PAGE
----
He moved to Newbridge Networks after being headhunted, and found there were acronyms for everything and a "technical snobbery".

"Are we selling to humans or are we selling to technical droids? The reality is we are selling to humans.

"I said you need to make this so I can explain it to my mother."

Newbridge, called after a town in Wales where its founder is from, suffered from `stealth marketing', he adds, where it allowed its products to spread the company's reputation. "I have seen companies with a lot less than Newbridge doing a lot more."

The company is a developer of Asynchronous Transfer Mode (ATM) technology, which promises to transform our lives by allowing not just voice, but data, moving images to be delivered over existing telephone lines. Among its Irish clients are Telecom Eireann and Esat Digifone.

He is calling the process alchemy. Changing the use of copper is tantamount to turning it into "gold", and controlling the process is a big prize for companies. They will go on to dominate the single point access for broadband services to the home. "I see the whole industry changing now. Traditionally BT [British Telecom] - when they were deregulated - were worried about other telecom companies. The competition is Microsoft, Rupert Murdoch. . . Everyone is fighting for the `eyeballs' that will be available."

The new generation of TVs will double as personal computers, to be used for online communication, business transactions and entertainment, with programmes available on demand to the user.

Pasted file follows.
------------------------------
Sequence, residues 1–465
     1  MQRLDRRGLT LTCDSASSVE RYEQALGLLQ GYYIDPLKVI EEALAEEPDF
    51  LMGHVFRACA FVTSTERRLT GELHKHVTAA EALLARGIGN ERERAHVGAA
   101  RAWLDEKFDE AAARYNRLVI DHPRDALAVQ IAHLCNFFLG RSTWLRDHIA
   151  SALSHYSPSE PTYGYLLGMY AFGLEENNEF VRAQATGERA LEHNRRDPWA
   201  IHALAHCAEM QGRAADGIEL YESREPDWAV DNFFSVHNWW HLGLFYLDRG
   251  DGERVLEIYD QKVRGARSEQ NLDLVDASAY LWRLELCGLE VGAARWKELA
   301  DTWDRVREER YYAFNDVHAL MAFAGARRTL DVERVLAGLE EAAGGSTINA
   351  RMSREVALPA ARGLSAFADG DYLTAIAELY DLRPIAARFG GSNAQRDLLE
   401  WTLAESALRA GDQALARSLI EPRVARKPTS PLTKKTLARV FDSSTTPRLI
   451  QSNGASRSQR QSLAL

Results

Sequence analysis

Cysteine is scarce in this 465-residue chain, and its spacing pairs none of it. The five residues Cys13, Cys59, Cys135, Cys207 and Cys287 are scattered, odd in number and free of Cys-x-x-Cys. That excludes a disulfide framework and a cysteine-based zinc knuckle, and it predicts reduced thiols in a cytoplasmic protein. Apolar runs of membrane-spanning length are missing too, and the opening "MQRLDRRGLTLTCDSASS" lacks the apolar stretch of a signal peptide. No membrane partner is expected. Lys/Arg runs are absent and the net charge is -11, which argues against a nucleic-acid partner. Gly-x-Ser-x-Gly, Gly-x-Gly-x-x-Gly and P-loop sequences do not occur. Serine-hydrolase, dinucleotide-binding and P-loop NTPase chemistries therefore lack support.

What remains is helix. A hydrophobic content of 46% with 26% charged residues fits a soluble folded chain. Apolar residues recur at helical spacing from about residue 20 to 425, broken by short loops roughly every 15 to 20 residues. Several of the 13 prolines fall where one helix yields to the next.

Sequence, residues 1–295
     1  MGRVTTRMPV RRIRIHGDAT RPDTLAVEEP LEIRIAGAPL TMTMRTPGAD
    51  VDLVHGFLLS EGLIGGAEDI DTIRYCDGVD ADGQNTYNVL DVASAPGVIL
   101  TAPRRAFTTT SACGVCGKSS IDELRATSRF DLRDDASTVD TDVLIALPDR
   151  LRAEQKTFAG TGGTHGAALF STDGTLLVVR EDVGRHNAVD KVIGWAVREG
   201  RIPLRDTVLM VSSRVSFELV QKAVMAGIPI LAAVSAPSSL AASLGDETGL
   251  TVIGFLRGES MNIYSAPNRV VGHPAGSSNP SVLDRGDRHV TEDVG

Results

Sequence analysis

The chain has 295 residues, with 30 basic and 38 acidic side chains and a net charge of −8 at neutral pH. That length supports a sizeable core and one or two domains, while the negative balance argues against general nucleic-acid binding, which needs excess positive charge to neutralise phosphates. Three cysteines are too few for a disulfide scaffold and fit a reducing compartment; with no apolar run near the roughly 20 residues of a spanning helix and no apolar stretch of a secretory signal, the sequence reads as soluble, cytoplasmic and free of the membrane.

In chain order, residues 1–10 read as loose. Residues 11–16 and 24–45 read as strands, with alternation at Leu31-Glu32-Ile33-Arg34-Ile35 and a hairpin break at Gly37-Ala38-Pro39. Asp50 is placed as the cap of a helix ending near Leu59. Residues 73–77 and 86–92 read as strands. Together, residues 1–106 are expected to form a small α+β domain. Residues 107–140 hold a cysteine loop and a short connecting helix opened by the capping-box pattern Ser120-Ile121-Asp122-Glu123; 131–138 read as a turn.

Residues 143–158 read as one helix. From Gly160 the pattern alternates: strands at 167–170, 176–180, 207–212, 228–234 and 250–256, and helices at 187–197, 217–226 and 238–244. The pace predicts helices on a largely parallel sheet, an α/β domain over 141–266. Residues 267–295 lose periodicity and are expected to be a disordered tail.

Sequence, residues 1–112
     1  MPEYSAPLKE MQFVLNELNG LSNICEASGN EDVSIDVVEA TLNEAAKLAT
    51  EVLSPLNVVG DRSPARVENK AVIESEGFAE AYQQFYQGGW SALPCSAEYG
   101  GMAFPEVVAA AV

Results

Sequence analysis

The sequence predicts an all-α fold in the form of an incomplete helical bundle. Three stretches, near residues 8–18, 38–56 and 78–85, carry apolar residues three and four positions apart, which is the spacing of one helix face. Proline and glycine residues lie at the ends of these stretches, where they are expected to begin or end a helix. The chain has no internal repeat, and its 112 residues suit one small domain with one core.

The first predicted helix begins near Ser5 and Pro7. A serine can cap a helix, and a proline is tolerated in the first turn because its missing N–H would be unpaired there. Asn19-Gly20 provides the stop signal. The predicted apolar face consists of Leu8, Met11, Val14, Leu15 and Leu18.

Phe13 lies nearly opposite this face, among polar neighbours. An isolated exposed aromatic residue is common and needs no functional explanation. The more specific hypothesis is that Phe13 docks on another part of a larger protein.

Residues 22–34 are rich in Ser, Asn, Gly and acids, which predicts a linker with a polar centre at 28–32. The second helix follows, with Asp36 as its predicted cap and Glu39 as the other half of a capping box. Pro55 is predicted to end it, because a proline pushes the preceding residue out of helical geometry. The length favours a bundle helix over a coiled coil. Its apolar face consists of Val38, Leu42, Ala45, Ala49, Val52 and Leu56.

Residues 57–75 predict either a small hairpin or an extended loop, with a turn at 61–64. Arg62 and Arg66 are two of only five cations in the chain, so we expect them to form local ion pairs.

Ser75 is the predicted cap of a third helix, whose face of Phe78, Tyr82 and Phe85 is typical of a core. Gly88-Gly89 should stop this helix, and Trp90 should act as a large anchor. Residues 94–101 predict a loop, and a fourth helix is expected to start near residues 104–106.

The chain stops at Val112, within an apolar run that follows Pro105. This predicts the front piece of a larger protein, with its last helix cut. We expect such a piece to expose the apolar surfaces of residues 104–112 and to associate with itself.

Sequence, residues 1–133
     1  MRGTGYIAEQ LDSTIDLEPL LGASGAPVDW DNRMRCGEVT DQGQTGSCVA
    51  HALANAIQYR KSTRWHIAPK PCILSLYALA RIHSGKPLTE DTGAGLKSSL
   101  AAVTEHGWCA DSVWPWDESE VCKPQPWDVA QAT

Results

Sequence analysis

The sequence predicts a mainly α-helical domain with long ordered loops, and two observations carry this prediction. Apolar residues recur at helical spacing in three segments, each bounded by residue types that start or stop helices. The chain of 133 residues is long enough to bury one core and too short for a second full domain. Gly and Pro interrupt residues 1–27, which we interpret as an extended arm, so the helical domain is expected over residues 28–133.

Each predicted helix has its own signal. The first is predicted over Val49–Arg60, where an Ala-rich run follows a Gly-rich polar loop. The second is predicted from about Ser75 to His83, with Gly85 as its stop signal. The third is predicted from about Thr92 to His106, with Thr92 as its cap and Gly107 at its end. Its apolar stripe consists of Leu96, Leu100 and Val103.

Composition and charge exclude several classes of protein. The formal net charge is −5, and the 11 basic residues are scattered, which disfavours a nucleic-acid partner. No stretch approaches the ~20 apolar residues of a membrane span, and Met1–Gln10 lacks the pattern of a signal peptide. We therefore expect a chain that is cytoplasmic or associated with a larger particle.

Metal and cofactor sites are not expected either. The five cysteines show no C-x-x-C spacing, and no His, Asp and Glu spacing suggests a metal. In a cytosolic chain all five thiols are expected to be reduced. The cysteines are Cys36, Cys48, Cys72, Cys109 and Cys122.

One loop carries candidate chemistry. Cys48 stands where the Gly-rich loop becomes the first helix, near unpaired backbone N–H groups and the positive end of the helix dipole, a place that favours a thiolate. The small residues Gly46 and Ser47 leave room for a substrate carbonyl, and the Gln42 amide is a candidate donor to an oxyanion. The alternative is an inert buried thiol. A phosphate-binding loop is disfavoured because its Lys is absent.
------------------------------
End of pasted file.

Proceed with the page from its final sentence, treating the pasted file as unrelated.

Mr Flynn also believes providing broadband wireless services - Last Mile Distribution System (LMDS) - will be applicable to remote areas and to the competitors of BT and Telecom [Eireann] who "have to pay those guys to get access to your house".

"It transforms their business model," he says.

It is all a long way from a Ballycotton childhood where a rare phone call would be received in a neighbour's house. As a teenager Pearse Flynn, named after Padraig Pearse, went trawler and lobster fishing, which meant a 5 a.m. start. A particularly character-building task was the preparation of lobster bait which involved mackerel and salt being mixed in a barrel, left for nine months, and then being scooped out by hand.

"I will always be just Pearse Flynn when I go back there. That is a great grounding."

After school in Midleton CBS, he went to University College Cork to study Applied Physics and later worked for Wang. Working on an assembly line as a production manager was "the best job I ever had". "When you have a group of 40 or 50 women and you are a young man, they will try everything. When you go from there to managing professional people, it is a doddle.

"Most professional people want to do a good job. I just have to point them in the right direction."

He does not pretend to be an overly technical person himself, relying on his managerial skills to do the job. "When I arrived there [Newbridge], I thought I was as thick as mince. The only word I understood on the slide was `Newbridge' down in the corner." But having studied physics, he felt sure enough when he moved into management now to be overawed by the technical jargon of technicians. "I guess my upbringing gave me a good, healthy scepticism for that."